Happy Friday! This week’s Friday Thrive is the recovery edition, probably because this week for me has been focused on post-race recovery. I don’t know why, but for some reason I was sorer after this 10K than I was after my last half marathon PR!
This is my favorite photo from race day, because it captures exactly how I felt. 10K races hurt!
I need nature on my runs. Granted, an absolutely spoiling aspect of living in the East Seattle area is that I can access multiple paved trails within the range of just walking out my doorstep to a 15 minute drive, and then just a bit further for actual hilly dirt trails. I don’t have to go far to run in quiet communion with nature. The more green I see on a run, the better.
And also the more blue, the better! Finally, rainy season is over and the beautiful blue skies of Seattle summers have arrived.
In my latest article for Runkeeper, 3 Tips to Up Your Recovery Game,” I talk about just how nutrition can play a role in recovering after a run.
How much attention to do pay to what you eat after a run? Post-run nutrition is vital to properly recovering after a hard workout or long run and both the timing of the food (30-60 minutes post-run) and what you eat can improve recovery. But you don’t have to reach for that beet-turmeric smoothie in order to optimize recovery. Research indicates that blueberries and tart cherry juice provide enough anti-inflammatory compounds to reduce oxidative stress and improve muscle recovery.
“Collagen Supplements Aren’t Doing You Any Good” from Outside.
Some of my athletes have asked me about collagen supplements and my answer is to always not waste their money on them. This article affirms my philosophy on supplements such as collagen: they simply don’t work because of how your body breaks down protein. Your body doesn’t automatically transport the whole collagen structure from the supplement straight to the injured tendon or ligament. Collagen, like any protein, is broken down into individual amino acids upon digestion. And even if the collagen wasn’t broken up during digestion, the process of rebuilding collagen in your muscles is much more complex than pasting in collagen molecules.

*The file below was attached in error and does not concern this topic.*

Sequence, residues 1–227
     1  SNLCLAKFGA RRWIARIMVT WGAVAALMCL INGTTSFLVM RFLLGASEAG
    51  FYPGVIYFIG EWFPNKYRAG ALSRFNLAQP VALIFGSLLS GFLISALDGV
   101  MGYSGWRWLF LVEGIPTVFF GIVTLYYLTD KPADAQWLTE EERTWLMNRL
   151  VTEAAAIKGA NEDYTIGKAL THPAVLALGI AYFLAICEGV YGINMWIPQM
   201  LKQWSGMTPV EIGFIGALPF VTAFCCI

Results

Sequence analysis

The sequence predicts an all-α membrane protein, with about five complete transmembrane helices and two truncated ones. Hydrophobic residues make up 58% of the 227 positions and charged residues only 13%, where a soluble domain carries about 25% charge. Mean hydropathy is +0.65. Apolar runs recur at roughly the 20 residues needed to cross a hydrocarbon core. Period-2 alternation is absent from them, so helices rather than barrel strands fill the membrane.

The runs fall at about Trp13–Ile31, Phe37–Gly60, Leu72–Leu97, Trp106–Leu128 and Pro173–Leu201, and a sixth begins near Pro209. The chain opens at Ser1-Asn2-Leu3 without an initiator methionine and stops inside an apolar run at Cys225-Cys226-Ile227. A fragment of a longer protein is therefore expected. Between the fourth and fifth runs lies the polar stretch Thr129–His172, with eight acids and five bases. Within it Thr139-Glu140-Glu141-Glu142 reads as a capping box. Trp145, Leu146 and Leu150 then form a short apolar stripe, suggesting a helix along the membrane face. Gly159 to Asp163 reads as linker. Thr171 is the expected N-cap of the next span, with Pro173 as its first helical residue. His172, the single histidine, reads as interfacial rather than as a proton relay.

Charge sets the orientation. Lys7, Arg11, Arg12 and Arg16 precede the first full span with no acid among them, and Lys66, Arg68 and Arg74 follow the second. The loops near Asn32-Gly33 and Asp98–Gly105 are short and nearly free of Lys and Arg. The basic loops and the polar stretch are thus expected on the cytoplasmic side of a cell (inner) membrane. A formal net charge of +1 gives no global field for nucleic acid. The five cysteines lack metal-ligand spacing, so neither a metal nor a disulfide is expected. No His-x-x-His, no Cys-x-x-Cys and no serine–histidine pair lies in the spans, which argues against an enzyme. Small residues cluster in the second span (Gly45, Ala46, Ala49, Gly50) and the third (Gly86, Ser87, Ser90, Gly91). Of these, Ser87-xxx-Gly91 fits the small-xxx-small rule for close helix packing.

You’re far better off prioritizing complete proteins within the 60-minute window after a workout, eating a nutrient-dense diet, and following standard recovery protocols of icing, appropriate stretching, and foam rolling.
After the Snohomish Women’s Run, we went out for Greek food. I probably ate at least two or three servings worth of pita, but this was a delicious post-race meal. We got hummus and other dips, stuffed grape leaves, falafel, and split a gyro – so delicious! But Greek/Mediterranean food only makes me crave it more, so this week I’ve made this crispy baked falafel recipe from Cookie and Kate and this chicken shawarma recipe from NYT Cooking (served over rice with lots of roasted vegetables and a tahini-lemon sauce).
Ollie’s mileage is increasing (this week will be 25 miles for him) and consequently, he’s become calmer. Maybe it’s the fact that he’s almost 2 years old now as well, but regular runs burn off his crazy energy. All he wants to do during the day, minus a few bouts of playing with Charlie, is rest on the sofa. He’s even become more snuggly in the evenings, although I’m not quite equipped to manage a 50 lb lap dog.
Have you tried collagen supplements? Do you think they work?
Pita and hummus or chips and salsa?
What are your plans this weekend?